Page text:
Ted Morton joined Pew in April 2013 and leads Pew's fisheries work at the federal level. This includes efforts to establish policies to end overfishing, rebuild depleted fish populations, and promote ecosystem-based fisheries management in U.S. federal waters in accordance with the Magnuson-Stevens Fishery Conservation and Management Act, the nation’s primary law governing ocean fish management.
Prior to joining Pew, Morton directed a campaign at the Environmental Defense Fund to reform the international trade of coral reef wildlife. He also served as the Vice President of Organizational Effectiveness and Operations at SeaWeb and Director of Operations at the Pew Institute for Ocean Science. He developed experience on Capitol Hill and expertise with the Magnuson-Stevens Act during his years as federal policy director for Oceana and policy director for American Oceans Campaign. In those positions, he was actively involved in successful efforts to persuade Congress to reauthorize the Magnuson-Stevens Act in 2006 and served on the board of advisors of the Marine Fish Conservation Network. He also has advocated for strengthening beach water quality programs, estuary protections, marine mammal conservation, and federal investments in critical ocean programs. A native of Atlanta, Morton holds a bachelor’s degree in political science from Furman University and a juris doctor degree from the University of Georgia School of Law.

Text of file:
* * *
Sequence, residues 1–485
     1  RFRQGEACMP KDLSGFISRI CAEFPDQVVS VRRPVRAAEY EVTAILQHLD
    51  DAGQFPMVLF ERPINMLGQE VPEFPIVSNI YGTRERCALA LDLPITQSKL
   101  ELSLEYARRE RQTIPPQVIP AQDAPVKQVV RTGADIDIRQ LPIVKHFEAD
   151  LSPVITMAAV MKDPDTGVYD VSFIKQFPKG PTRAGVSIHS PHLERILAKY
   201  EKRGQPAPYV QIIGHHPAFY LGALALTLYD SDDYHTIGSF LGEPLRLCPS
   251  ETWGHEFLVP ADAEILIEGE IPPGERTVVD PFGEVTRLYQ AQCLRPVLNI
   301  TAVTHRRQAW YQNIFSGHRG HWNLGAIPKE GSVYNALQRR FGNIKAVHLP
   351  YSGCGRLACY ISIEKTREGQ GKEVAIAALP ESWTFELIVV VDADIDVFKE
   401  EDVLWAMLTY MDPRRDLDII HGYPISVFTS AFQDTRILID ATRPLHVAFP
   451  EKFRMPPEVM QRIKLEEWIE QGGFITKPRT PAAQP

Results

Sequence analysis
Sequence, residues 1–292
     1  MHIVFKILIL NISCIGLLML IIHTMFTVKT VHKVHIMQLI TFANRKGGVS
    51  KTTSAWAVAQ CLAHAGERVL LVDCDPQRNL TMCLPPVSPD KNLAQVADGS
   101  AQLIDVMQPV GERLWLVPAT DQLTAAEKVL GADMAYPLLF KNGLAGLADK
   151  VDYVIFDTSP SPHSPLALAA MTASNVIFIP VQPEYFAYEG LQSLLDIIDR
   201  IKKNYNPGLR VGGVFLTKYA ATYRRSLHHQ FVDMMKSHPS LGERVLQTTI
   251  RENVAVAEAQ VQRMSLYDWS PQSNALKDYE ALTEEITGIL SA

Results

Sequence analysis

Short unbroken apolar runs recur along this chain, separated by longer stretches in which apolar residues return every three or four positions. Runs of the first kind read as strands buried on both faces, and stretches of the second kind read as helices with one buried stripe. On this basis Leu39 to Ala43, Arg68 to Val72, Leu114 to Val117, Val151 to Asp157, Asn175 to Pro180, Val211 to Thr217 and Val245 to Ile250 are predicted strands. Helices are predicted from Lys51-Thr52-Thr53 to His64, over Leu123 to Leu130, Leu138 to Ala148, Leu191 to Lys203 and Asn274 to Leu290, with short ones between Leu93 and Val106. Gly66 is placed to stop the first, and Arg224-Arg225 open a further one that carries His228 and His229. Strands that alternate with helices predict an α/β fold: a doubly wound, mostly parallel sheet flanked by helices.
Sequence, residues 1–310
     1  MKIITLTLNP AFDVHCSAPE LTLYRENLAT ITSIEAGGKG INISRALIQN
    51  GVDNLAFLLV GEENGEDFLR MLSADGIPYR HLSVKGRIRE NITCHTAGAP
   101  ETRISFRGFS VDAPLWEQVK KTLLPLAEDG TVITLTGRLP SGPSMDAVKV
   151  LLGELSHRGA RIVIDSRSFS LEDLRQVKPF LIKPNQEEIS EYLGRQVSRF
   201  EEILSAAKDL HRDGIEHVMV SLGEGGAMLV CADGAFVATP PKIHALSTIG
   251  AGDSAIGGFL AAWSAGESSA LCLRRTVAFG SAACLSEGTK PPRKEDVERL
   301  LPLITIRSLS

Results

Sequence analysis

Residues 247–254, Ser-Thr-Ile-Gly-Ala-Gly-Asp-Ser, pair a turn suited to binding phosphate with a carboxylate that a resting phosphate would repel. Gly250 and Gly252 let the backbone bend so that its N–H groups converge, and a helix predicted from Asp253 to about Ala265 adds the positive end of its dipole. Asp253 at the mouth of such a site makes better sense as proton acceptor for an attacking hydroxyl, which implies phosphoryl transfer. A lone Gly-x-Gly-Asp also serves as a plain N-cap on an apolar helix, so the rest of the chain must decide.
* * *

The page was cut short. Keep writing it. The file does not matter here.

Recent WorkView All
Lately, I’ve been writing about H.R. 1335, a bill that would harm U.S. fishermen, small businesses, and oceans. This legislation, which is heading to the House floor early next week for votes, would weaken the Magnuson-Stevens Fishery Conservation and Management Act, the nation’s primary law governing management of U.S. ocean fish. Read More
On April 30, the U.S. House of Representatives’ Committee on Natural Resources debated and voted on a shortsighted bill, H.R. 1335, which would amend the nation’s primary ocean fisheries law. Several fishermen who traveled to Capitol Hill to voice concerns about weakening the law joined me and dozens of others in a standing-room-only crowd. Read More
Each year, the National Oceanic and Atmospheric Administration, the agency that oversees management of the country’s ocean fishing, reports to Congress on the “status of the stocks.” It’s similar to a State of the Union address but describes the condition of the nation’s fish. Read More